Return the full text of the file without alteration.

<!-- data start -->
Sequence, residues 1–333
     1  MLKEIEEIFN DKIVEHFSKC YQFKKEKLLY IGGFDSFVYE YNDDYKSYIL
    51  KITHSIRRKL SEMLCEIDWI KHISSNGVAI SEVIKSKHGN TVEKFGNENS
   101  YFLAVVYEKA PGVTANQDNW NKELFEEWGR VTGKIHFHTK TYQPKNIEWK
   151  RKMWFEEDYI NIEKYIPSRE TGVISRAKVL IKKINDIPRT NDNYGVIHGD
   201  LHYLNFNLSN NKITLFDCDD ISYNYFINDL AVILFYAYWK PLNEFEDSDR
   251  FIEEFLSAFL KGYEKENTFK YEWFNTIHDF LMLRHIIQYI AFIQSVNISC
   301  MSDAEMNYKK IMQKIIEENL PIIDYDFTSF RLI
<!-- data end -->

Sequence, residues 1–333
     1  MLKEIEEIFN DKIVEHFSKC YQFKKEKLLY IGGFDSFVYE YNDDYKSYIL
    51  KITHSIRRKL SEMLCEIDWI KHISSNGVAI SEVIKSKHGN TVEKFGNENS
   101  YFLAVVYEKA PGVTANQDNW NKELFEEWGR VTGKIHFHTK TYQPKNIEWK
   151  RKMWFEEDYI NIEKYIPSRE TGVISRAKVL IKKINDIPRT NDNYGVIHGD
   201  LHYLNFNLSN NKITLFDCDD ISYNYFINDL AVILFYAYWK PLNEFEDSDR
   251  FIEEFLSAFL KGYEKENTFK YEWFNTIHDF LMLRHIIQYI AFIQSVNISC
   301  MSDAEMNYKK IMQKIIEENL PIIDYDFTSF RLI